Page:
Panzer Battles

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Panzer Battles
AuthorFriedrich von Mellenthin
Original titlePanzerschlachten
LanguageGerman, English
PublisherUniversity of Oklahoma Press
Publication date
1956 (U.S. edition)
Media typePrint

Panzer Battles (German: Panzerschlachten) is the English language title of Friedrich von Mellenthin's memoirs of his service as a staff officer in the Panzerwaffe of the German Army during World War II. Panzer Battles was part of the exculpatory memoirs genre that fed the post-war revisionist narrative, put forth by Wehrmacht generals. The book was instrumental in forming the misconceptions of the U.S. view of Eastern Front military operations up to the mid-to-late 1990s, when Soviet archival sources became available to Western and Russian historians.

The first English edition, as Panzer Battles: A Study of the Employment of Armor in the Second World War, was published in 1956 by the University of Oklahoma Press. Panzer Battles was reprinted six times in the U.S. between 1956 and 1976.


The book covers Mellenthin's personal recollections and operational information on the major operations in which he participated, across every major theater of the war, with substantial coverage of his time as Erwin Rommel's intelligence officer in the Afrika Corps and his time as the Chief of Staff for XXXXVIII Panzer Corps in Russia.[1][2]


Upon its release in English in 1956 Panzer Battles was widely read both professionally and academically. The book was a staple on professional military reading lists in NATO member states and was widely cited in academia for decades.


Panzer Battles has been extensively cited in military reading lists and professional studies since its release. David T. Zabecki called it a seminal and comprehensive work on mechanized combined arms warfare and said its lessons and principals were of immeasurable value to the post-Vietnam American military.[3] Then Major Timothy Wray, writing for the U.S. Combat Studies Institute, wrote in 1986 that Panzer Battles was among a series of post-war memoirs that filled an early vacuum of good English language studies of the Eastern Front, causing an undue influence in the Western understanding of that conflict. From those memoirs Wray identifies Panzer Battles as having serious issues of omission in regards to important qualifying data and contextual background.[4] In 1997, the official United States Marine Corps review of books for its professional military reading list, assembled by Paul Van Riper for the Marine Corps Combat Development Command, still lauded it as "a virtual Bible" on armored warfare, with special praise given to the "Psychology of the Russian Soldier" section and the book's maps, which it says offers more tactical and operational clarity than nearly any other military work.[5]


Immediately upon its release, Dartmouth history professor Henry L. Roberts, in a one-sentence "capsule review" in Foreign Affairs, called it an "excellent account", offering "interesting observations".[6]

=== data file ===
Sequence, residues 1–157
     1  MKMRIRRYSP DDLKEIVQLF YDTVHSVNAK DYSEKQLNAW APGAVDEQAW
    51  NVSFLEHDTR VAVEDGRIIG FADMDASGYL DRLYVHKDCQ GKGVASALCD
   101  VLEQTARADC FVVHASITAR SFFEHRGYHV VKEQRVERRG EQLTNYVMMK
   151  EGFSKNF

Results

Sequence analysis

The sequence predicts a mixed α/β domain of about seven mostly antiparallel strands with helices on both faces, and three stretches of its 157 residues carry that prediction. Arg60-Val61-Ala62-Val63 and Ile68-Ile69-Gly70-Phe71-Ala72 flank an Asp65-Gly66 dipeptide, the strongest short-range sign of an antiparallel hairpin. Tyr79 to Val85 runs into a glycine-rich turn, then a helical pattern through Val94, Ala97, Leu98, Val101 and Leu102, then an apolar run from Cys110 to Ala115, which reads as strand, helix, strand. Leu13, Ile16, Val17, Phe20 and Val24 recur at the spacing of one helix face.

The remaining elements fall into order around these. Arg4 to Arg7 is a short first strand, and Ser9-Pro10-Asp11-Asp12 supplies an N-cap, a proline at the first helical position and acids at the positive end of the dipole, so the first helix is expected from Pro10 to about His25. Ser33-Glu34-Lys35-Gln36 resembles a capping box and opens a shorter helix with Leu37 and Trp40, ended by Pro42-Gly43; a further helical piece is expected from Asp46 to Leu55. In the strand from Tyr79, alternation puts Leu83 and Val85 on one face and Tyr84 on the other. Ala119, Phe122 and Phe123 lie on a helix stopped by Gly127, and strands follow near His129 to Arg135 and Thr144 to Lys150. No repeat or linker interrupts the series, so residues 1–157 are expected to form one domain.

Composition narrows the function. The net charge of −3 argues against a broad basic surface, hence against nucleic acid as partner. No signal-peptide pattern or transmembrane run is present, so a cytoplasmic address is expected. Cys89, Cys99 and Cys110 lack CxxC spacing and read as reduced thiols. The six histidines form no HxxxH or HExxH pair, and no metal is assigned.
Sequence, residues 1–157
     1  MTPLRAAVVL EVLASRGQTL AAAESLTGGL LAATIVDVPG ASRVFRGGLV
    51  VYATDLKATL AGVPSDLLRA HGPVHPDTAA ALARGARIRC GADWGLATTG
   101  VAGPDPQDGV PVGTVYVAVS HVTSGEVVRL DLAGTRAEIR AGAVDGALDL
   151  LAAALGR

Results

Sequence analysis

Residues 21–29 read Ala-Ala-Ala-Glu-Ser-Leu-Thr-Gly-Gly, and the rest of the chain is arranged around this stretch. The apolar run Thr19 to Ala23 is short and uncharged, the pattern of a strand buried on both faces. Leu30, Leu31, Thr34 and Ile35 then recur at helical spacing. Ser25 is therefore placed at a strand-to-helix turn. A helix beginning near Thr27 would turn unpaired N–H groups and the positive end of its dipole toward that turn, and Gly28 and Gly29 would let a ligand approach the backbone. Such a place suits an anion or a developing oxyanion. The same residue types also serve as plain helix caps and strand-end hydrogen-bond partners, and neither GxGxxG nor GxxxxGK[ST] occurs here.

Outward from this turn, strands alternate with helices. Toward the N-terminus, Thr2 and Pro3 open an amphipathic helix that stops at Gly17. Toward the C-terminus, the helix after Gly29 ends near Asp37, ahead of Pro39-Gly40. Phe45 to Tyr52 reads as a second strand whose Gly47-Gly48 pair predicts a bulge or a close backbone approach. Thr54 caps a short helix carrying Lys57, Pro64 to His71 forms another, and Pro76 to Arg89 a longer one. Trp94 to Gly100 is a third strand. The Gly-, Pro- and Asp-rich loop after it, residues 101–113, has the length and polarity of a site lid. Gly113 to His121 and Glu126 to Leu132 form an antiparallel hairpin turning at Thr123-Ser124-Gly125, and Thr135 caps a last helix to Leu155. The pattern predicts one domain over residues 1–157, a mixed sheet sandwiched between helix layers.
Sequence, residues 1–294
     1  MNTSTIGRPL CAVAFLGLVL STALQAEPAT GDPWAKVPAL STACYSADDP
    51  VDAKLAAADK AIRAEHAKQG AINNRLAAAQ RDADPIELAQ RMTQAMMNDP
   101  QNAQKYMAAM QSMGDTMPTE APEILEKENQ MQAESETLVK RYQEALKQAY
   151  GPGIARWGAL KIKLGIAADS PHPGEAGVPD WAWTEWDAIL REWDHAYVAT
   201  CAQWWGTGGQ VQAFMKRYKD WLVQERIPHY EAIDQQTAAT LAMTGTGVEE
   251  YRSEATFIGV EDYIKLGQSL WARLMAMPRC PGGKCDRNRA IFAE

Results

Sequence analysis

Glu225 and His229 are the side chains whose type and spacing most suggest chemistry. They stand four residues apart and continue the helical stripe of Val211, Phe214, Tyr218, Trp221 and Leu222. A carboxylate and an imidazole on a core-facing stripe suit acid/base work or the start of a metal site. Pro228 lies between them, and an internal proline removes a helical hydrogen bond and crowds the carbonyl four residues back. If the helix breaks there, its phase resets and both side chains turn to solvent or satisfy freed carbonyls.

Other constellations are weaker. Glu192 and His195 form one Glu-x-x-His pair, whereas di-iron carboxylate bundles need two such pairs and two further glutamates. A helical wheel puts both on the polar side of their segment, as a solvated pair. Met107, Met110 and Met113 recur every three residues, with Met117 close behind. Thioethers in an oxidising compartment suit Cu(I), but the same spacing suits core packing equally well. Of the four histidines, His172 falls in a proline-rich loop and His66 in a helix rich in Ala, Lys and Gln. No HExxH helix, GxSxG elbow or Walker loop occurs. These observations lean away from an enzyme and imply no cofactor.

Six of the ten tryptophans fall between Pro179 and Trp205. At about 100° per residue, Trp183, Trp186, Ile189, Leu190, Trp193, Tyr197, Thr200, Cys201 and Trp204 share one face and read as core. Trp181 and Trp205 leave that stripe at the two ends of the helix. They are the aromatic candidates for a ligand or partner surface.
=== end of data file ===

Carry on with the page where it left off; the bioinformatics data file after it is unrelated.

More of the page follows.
Sovietologist Colonel John Jessup considers the book a good representation of perspective from the "younger generation" of German officers. Military historian David Glantz called it an "operational/tactical account of considerable merit", which showed the negative impact of Hitler's interference in the military operations. He echoes the professional assessment of Col. Wray, pointing out that it was written without the benefit of either German or Soviet records and so suffers from incomplete or incorrect interpretations of Soviet forces, dispositions and intentions.[2] Paleoconservative military theorist William S. Lind considers it an excellent account of its subject matter full of valuable lessons, including it in his Maneuver Warfare Handbook basic reading list for students of armored warfare.[7] Some historians and academics have taken issue with the political and historical context of the book, such as Wolfram Wette, who lists Mellenthin in the group of German generals he considers to be authors of apologetic, uncritical studies on World War II.[8] Additionally, co-authors Ronald Smelser and Edward J. Davies characterize Panzer Battles as an "exculpatory memoir" within a post-war revisionist narrative.[9] Other modern historians have also highlighted the depiction of "Russian" opponents in derogatory or racial terms, such as "primitive" and "Asiatics", in the books section devoted to the "Psychology of the Russian Soldier".[10][11] Robert Citino notes the influential nature of Mellenthin's works in shaping the perceptions of the Red Army in the West as "a faceless and mindless horde" whose idea of military art was to "smash everything in its path through numbers, brute force and sheer size". Citino includes Panzer Battles among the German officers' memoirs that are "at best unreliable and at worst deliberately misleading", an opinion echoed by historian Daniel Franke, who characterized its impact on the post-war reputation of the Wehrmacht as "baleful", while still recommending it as an important book.[12][13]


  • Mellenthin, Friedrich von (1971) [1956]. Panzer Battles: A Study of the Employment of Armor in the Second World War (First Ballantine Books ed.). New York: Ballantine Books. ISBN 978-0-345-24440-6.
  • Panzer Battles. Copy of book at the Internet Archive



  1. ^ Berlin 1988.
  2. ^ a b Glantz 1987.
  3. ^ Zabecki 2014, p. 985.
  4. ^ Wray 1986.
  5. ^ Van Riper 1997, pp. 36–37.
  6. ^ Roberts 1956.
  7. ^ Lind 1985.
  8. ^ Wette 2007, p. 234.
  9. ^ Smelser & Davies 2008, p. 90.
  10. ^ Citino 2012, p. 205.
  11. ^ Smelser & Davies 2008, p. 111.
  12. ^ Citino 2012, pp. 204–205, 208.
  13. ^ Franke 2013.


Further reading[edit]